The “health-o-meter” approach to eating

This weekend,  turned to me and said, “Mom, I wish I could invent a health-o-meter, a machine where you could input a DK Donut and something healthy would come out.”

Though he might make millions if he could invent this sort of contraption, I’m not sure what a donut transformation might look or taste like!

The sad truth is that we can’t put processed foods, sugary drinks and unhealthy snacks into our bodies and expect them to produce something that looks and feels good. We are what we eat, and if we put junk in, then we get junk out. On the other hand, if we input healthy foods, our bodies will supply the energy we need to think, work and perform.

According to

Americans eat 31 percent more packaged food than fresh food, and they consume more packaged food per person than their counterparts in nearly all other countries. A sizable part of the American diet is ready-to-eat meals, like frozen pizzas and microwave dinners, and sweet or salty snack foods.

Let’s turn those stats around with five simple steps to health-ometerize popular unhealthy foods.

Salty snacks

After my post on “Skipping the Chips,” I challenged my family to give up this salty snack for the month of October.  The family member who best adjusted to our dietary omission was undoubtedly Luke. In fact, one night when we contemplated eating dinner at a Mexican restaurant, he said, “Mexican restaurants serve chips, so we can’t go there.” (And sshh….no one has realized it’s November and the new tradition carries on.)

Potato and corn chips are a bad habit – they are easy to grab when you’re eating a sandwich for lunch, facing an energy lull in the afternoon, or waiting for dinner to be served. They are a source of unneeded fat, calories and sodium, and contain few, if any, nutrients to make us feel good.

The next time you reach out to grab salty snacks to fill a hunger void, try some of these healthier alternatives instead:  nuts, fruit, yogurt, cheese/crackers, and veggies/hummus.

Soft Drinks.

The number one selling item at the grocery store, posting $12 billion in sales last year, was soft drinks. If you’re imbibing the sugar-filled version, you are consuming a lot of wasted liquid calories.

As I mentioned in a post last week on soft drinks, if you omit them altogether, you’ll save money and calories. But if you’re having trouble going cold turkey, try the no-calorie alternative. Try to wean off juice drinks, chocolate milk and all those tasty but deadly coffee beverages, too. Instead, drink the much-needed and often under-consumed healthy beverage: water.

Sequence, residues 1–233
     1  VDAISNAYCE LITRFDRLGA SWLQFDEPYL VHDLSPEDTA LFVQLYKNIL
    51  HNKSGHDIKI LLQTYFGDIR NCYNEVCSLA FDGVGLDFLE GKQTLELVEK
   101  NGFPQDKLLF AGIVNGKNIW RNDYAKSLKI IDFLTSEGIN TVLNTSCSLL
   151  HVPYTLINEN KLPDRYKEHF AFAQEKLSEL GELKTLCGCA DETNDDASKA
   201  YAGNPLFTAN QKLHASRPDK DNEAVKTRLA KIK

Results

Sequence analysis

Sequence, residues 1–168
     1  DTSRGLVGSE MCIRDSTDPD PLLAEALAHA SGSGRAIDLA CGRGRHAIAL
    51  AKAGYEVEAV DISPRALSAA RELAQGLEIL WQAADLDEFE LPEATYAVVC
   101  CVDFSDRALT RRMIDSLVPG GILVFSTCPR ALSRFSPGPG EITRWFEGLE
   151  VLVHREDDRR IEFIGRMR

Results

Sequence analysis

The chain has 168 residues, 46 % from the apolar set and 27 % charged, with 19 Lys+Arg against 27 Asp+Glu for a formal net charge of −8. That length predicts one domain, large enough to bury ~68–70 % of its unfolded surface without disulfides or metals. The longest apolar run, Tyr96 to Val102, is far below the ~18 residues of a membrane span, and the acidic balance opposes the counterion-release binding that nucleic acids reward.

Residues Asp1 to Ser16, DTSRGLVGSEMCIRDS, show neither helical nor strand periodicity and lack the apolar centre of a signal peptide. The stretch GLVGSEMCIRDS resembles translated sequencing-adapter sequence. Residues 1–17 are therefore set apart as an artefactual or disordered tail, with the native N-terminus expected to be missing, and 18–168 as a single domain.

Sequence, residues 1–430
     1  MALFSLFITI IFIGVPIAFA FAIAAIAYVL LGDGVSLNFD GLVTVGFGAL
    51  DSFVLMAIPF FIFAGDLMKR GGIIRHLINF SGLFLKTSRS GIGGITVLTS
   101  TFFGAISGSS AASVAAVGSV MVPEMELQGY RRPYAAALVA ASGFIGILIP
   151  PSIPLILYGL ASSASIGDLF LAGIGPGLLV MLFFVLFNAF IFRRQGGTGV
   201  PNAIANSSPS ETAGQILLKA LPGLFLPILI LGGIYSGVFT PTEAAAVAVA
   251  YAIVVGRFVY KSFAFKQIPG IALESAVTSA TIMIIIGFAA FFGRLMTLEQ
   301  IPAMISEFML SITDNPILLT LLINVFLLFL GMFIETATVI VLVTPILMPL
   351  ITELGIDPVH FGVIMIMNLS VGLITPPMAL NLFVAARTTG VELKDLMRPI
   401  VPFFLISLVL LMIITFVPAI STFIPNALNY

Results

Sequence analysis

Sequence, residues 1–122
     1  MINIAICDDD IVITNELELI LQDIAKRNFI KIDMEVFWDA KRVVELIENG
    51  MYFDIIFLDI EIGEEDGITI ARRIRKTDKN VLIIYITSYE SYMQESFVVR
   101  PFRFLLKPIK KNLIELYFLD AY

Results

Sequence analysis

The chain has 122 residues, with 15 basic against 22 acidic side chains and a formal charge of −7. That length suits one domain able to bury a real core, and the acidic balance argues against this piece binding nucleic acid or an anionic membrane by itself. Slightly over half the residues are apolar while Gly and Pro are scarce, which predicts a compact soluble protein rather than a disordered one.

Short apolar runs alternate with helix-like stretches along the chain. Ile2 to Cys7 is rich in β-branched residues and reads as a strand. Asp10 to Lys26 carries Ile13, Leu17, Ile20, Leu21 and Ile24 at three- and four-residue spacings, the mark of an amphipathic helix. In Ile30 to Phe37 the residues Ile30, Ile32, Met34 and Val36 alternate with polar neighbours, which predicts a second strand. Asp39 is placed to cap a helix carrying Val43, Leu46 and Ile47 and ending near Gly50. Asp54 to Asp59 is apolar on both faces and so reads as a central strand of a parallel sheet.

Fried food.

I am a Southern girl, and I know and appreciate tasty onion rings, fried oysters and fried chicken. Now that I live in Idaho, I am laying witness to some of the finest French fries in America.

But I’m also a changed girl. Leaving the South meant changing my eating habits, too. I realized years ago that that baked or broiled fish tastes much better than the fried version. Baked sweet potato “fries” are wonderful, and there are even ways to slim down fried chicken.

If you experiment with healthier ways to prepare dishes, and you will be amazed to discover how good these foods can taste.

Microwave dinners.

When I was a little girl, TV dinner night was a most special treat. Not only did we get to watch Room 222 and the Partridge Family while we ate, but we also got to sample those “tasty” frozen TV dinners. Though we now have Lean Cuisine, Healthy Meals, Weight Watchers and Smart Ones, just to name a few, there are other easy fixes that are healthier that these processed foods.

A while back, I wrote a guest post entitled “Healthy Dinners for Nightmare Nights,” for evenings when a frozen entrée seems to be the easiest fix. Ways to whip up something quick include stir frying it, slow cooking it, marinating it, and making it ahead. To view the article for more ideas, click here.


Another one of America’s top-selling grocery items, pizza is a beloved meal for people of all ages, including my family. But not all pizza is created equal. They don’t have to be loaded with cheese and fatty meats to taste good. And even the crust can be made with whole wheat.

You can also make healthy pizzas at home without spending all night in the kitchen. Using a food processor or mixer, it takes very little time to make home-made crust. Or buy ready-made crust at a local pizza joint if you don’t want to go to the trouble.

You can add veggies to pizzas, chicken and/or shrimp. You make white pizzas and pesto pizzas. The sky is the limit, and they are so tasty when made at home. Our favorite is a chicken pesto pizza with capers and portabella mushrooms.

The next time you’re thinking about eating junk food, just remember Luke’s health-o-meter: what goes in cannot be transformed (not yet anyway).


Melinda Hinson